Presentation on theme: "Nutrition. Nutrition is the science behind how your body uses the components of food to grow, maintain, and repair itself. Nutrients are the chemical."— Presentation transcript:
Nutrition is the science behind how your body uses the components of food to grow, maintain, and repair itself. Nutrients are the chemical elements and compounds that are essential to the growth and maintenance of life Your body needs more than 50 nutrients on a daily basis.
The 50 nutrients belong to one of six categories: 1. Carbohydrates 2. Proteins 3. Fats 4. Water 5. Minerals 6. Vitamins Macronutrients Micronutrients
Macronutrients are the nutrients that we need in relatively large amounts everyday They are also known as the “energy nutrients” because they provide our body with energy or “calories”
Carbohydrates (aka Carbs) are the preferred source of food energy for your body Over 50% of your total daily caloric intake should come from carb-rich foods The body converts carbs into a sugar called glucose.
There are 2 types of carbohydrates 1. Simple Carbohydrates: Are also called sugars and occur naturally in fruit, milk, yogurt, and fruit juice. They are also in less nutritious foods such as soft drinks and candy Lastly, they provide the body with a quick boost of energy because they are easily digested and absorbed into the bloodstream 2. Complex Carbohydrates: Come from starches found in grains (bread, pasta). They contain a long chain of glucose molecules which means that your body takes longer to break them down They provide a slow steady energy source
Fiber: Is a type of complex carb that the body cannot digest It is not a source of calories Fiber can take some cancer-causing chemicals out of the body Helps fight high cholesterol and maintain body weight Foods rich in fiber whole grains, vegetables, fruit
Proteins can be found in all the cells in our bodies (muscles, tendons, hair, skin, etc) Proteins are the “building blocks” of the body and help to repair muscles, bone, skin and blood cells Helps produces energy for the body but not as significant as carbohydrates
Proteins are made up of smaller sub units called amino acids. There are 20 amino acids; the body can produce 11, the other 9 must be obtained through food High-quality protein source: foods that contain all 9 amino acids. Ex: eggs, meat, fish, poultry Low-quality protein source: foods that are lacking in one or more amino acids. Ex: cereals, grain products, nuts
Fats are a concentrated source of energy. They are especially useful during prolonged physical activity. They aid in the absorption of fat- soluble vitamins that the body requires.
Choosing too many high-fat foods can increase a person’s risk of heart disease, diabetes, obesity, and some cancers. Instead of choosing high fat, low nutritious foods (hot dogs, french fries), choose high fat foods that also provide other nutrients (granola bars, peanut butter, cheese)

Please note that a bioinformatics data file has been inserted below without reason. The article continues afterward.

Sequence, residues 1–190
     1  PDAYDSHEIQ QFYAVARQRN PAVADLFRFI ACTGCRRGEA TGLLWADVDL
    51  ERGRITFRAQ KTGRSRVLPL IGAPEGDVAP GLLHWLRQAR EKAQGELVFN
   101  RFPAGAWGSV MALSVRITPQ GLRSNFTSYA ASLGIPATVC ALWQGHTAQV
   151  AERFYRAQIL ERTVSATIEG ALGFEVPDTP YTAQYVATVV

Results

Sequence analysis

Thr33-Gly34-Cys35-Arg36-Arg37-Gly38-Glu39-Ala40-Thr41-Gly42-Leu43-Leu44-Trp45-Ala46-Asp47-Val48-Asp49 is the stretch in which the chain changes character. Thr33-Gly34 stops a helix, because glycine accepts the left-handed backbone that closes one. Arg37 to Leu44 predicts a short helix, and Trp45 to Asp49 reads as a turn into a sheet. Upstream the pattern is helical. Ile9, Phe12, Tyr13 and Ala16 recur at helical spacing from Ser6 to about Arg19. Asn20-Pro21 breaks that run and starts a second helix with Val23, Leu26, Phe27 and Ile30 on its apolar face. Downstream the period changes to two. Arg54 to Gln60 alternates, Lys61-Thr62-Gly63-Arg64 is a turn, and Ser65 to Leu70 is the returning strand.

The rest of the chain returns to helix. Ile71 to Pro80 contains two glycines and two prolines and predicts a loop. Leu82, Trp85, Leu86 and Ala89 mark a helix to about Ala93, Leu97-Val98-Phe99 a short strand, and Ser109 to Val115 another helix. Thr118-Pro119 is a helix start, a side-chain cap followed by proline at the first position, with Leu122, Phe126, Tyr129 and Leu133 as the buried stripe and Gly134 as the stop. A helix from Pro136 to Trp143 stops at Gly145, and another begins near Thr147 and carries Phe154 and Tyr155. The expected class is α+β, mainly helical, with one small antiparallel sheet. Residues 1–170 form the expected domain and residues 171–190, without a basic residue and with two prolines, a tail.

Between 50 and 60 percent of our total body weight is water Water bathes cells, aids in fluid and electrolyte balance, and transports cells throughout the body
In order to stay hydrated you need to drink between 6 and 8 glasses of water per day. The best way to measure hydration levels is to monitor the color of your urine Pale yellow, the body is hydrated Darker yellow, the body needs fluids
Micronutrients are essential nutrients that are only needed by our body in small amounts Unlike macronutrients, micronutrients do not provide the body with calories Micronutrients help the body utilize the energy provided by carbs, proteins, and fats
Vitamins are chemicals that body needs to build and maintain its cells They also release energy from macronutrients
Two types of vitamins: 1. Water-soluble: the body does not store water soluble vitamins, so we need to eat foods that contain these vitamins on a daily basis. Example: vitamin C, found in fruits, helps to build collagen (found in tendons, bones) 2. Fat-soluble: are absorbed in the small intestine and stored in the liver. Need smaller amounts Example: vitamin D, helps maintain strong bones because it aids in the absorption of calcium
Minerals help make bones, proteins and blood as well as help with energy absorption from macronutrients They are inorganic substances needed by the body for good health
Electrolytes: are minerals that carry an electrical charge when dissolved in the body. They balance fluid levels in the body, maintain blood pressure, conduct nerve impulses 3 types: sodium, chloride, potassium Other examples of Minerals: Calcium Copper Iron Magnesium Zinc
Calorie is a unit of measure that indicates the amount of energy we obtain from a particular food Macronutrients (carbs, protein, fats) are our body’s sources of energy The 3 energy nutrients supply calories in different amounts: 1 gram of carbohydrate= 4 calories 1 gram of protein= 4 calories 1 gram of fat= 9 calories We should get 45-65% of our calories from carbs, 10-35% from protein, and 20-35% from fats
The key to maintaining a healthy body weight is to balance energy intake with energy expenditure Calories gained through food is energy intake, while the amount of calories burned throughout a day is energy expenditure When energy intake is equal to energy expenditure, our body weight does not change When energy intake is less than energy expenditure, we lose weight When energy intake is more than energy expenditure, we gain weight Physical activity increases energy expenditure
Gender, body, size, genetics, age, and physical activity level all influence a persons “total daily caloric need” Example: a teenage athlete needs more calories in a day than an inactive elderly woman The “Harris Benedict Formula” is a way to help estimate the amount of energy your body uses when it is at rest